For the first time ever, the heads of state of virtually all African nations joined together in Washington, DC, to meet U.S. officials and business leaders face to face to explore common economic goals for the future. Billed as “Investing in the Next Generation,” the August 4–6 U.S.-Africa summit marks an effort by the Obama administration to improve the nation’s business relationship with Africa, which is home to 6 of the world’s 10 fastest-growing economies. The summit focused on ways to boost trade and investment, especially in the food and energy sectors, as well as on issues of regional and domestic security, health care, poverty, and education.
Africa’s population, which has passed the 1 billion mark, is young and growing. In many African countries the ranks of the middle class are increasing faster than anywhere else in the world. In 2013, the economies of African countries combined grew at an average of 4 percent. Africa’s resources, such as vast oil supplies and untapped agricultural lands, together with its diverse people, represent huge potential. Today, Africa’s dominant global trade partner is China, which has made large investments in infrastructure and construction projects on the continent. The United States is playing catch-up. In 2012, just one of every 100 dollars invested overseas was in Africa. Imports from Africa, currently valued at about $27 billion a year, make up only about 2 percent of the U.S. total.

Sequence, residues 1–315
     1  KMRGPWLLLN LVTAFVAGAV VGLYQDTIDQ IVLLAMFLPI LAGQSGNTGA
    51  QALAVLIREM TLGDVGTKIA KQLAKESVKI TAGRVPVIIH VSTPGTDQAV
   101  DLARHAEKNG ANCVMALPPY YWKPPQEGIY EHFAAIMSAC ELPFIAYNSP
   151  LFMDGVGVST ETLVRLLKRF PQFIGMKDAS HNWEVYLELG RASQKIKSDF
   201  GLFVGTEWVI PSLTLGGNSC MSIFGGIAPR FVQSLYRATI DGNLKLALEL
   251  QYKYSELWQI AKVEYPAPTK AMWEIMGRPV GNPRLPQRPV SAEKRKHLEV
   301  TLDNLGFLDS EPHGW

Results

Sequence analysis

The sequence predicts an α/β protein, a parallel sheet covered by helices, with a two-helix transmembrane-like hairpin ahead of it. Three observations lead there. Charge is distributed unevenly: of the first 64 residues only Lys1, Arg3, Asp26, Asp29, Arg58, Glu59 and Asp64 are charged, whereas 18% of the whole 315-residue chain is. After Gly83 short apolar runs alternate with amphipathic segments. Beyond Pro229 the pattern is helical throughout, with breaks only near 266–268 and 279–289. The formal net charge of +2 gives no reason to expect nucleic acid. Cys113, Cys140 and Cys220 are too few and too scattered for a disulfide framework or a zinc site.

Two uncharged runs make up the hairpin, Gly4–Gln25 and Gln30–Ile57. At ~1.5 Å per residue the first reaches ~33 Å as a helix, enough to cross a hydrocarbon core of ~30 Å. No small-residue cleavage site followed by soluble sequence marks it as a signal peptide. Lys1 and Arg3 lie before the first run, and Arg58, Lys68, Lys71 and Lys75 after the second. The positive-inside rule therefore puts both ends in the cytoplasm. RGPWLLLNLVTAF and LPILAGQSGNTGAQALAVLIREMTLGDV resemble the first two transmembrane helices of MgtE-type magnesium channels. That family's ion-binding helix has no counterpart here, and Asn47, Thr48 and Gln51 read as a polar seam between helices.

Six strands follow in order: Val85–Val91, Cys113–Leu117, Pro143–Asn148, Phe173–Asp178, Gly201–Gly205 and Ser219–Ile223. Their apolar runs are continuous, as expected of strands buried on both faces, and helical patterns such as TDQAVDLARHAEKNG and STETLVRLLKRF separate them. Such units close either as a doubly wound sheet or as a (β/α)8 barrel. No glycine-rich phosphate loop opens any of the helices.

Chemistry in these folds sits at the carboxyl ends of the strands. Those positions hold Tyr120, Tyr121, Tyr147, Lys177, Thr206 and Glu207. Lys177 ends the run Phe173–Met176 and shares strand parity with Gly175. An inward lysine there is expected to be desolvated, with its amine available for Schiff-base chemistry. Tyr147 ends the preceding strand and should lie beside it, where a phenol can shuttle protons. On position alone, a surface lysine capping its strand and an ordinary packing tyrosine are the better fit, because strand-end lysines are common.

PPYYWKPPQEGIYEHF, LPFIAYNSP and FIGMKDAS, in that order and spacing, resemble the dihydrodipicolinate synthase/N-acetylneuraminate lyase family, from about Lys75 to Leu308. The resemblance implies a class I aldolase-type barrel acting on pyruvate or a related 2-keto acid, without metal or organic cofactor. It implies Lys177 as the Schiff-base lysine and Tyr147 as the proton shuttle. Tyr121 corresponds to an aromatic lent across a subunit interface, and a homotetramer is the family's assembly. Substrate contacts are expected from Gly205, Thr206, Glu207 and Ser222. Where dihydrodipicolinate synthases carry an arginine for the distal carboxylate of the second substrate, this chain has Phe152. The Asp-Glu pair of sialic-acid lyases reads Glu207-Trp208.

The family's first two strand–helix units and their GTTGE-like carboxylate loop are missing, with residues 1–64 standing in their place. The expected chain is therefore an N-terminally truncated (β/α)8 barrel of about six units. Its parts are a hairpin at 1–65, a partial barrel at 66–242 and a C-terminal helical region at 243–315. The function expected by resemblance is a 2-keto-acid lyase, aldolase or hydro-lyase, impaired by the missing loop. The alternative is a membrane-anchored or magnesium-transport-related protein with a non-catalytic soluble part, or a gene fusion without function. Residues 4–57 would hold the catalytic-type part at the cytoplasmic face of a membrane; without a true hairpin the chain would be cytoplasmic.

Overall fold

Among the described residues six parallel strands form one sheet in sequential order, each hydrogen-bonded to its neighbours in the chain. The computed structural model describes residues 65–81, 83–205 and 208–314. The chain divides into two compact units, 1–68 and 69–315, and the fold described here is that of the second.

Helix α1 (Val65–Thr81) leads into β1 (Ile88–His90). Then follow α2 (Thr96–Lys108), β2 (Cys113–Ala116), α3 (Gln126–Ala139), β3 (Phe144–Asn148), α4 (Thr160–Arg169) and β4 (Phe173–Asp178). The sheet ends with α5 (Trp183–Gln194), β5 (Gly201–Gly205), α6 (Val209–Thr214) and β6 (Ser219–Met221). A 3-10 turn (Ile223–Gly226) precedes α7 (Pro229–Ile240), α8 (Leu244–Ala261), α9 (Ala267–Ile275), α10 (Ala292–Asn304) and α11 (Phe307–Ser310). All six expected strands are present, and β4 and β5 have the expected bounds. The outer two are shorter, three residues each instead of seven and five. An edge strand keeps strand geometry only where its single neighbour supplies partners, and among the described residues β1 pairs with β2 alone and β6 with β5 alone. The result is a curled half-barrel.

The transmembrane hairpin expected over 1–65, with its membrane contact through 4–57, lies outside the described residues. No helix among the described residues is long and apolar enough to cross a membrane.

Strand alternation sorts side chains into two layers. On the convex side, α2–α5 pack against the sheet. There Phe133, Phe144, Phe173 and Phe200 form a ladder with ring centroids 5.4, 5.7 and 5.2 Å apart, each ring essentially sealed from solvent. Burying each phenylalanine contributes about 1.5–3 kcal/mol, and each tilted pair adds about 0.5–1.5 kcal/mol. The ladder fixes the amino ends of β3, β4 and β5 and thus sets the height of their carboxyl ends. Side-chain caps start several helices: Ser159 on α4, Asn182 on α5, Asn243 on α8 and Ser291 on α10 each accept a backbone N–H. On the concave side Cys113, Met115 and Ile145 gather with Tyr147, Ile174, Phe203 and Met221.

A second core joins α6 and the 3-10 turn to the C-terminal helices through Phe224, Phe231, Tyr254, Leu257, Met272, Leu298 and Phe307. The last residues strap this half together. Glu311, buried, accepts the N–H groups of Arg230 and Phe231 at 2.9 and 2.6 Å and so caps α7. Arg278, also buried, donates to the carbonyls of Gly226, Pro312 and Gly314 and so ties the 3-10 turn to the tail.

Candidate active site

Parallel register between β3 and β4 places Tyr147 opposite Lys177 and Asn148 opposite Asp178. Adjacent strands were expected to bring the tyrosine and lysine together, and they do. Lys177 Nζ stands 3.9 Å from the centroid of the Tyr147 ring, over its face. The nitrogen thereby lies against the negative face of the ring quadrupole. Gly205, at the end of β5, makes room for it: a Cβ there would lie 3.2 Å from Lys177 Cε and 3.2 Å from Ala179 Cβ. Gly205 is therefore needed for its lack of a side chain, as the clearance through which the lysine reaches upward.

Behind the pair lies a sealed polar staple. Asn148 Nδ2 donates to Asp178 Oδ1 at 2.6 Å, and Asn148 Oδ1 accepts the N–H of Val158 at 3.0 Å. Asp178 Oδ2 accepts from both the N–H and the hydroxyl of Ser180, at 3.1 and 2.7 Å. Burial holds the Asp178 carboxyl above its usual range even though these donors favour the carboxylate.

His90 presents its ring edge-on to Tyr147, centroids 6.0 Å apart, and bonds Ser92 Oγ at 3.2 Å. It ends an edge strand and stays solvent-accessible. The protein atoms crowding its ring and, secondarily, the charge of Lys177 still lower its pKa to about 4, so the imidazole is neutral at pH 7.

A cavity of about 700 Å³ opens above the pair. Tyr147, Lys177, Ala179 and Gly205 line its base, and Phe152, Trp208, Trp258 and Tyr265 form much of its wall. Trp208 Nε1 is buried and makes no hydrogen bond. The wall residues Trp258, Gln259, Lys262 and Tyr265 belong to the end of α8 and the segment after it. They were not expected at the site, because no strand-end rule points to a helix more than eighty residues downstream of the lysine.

But Americans are generally more trusted by Africans than are the Chinese, whose economic interest has sometimes resembled colonial exploitation. The U.S. also enjoys more favor among Africans than do the former colonial powers of Europe. This “goodwill” advantage could be a key to increased future economic collaboration, which was a large reason for the summit.
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- Africa: US-Africa Leaders Summit Begins in Washington with Trade High on the Agenda
This article reports on the arrival of heads of state of more than 50 African countries to Washington for the summit with the Obama administration and U.S. business leaders.
(Source: AllAfrica.com, August 4, 2014)
- Obama Set to Host US-Africa Summit
As background to the summit, this article explains the role of the African Growth and Opportunity Act (AGOA); includes video on Africa’s most important security issues.
(Source: VOA News, August 3, 2014)
- The Next Great Disruption
A reporter with the Economist interviews President Obama about the upcoming U.S.-Africa summit; includes graphs on demographics of Africa’s (young and growing) population and on U.S.-Africa trade.
(Source: Economist, August 2, 2014)
- 5 Reasons Obama’s Africa Leaders’ Summit Matters
This article outlines what was at stake in the U.S.-Africa summit:
(Source: CNN, August 5, 2014)
- After U.S.-Africa Summit, “Hard Work” Ahead
This article reports on the outcome of the summit, especially for energy, telecommunications, and agriculture; includes video of interview with Ghana’s minister of foreign affairs Hanna Tetteh.
(Source: USA Today, August 9, 2014)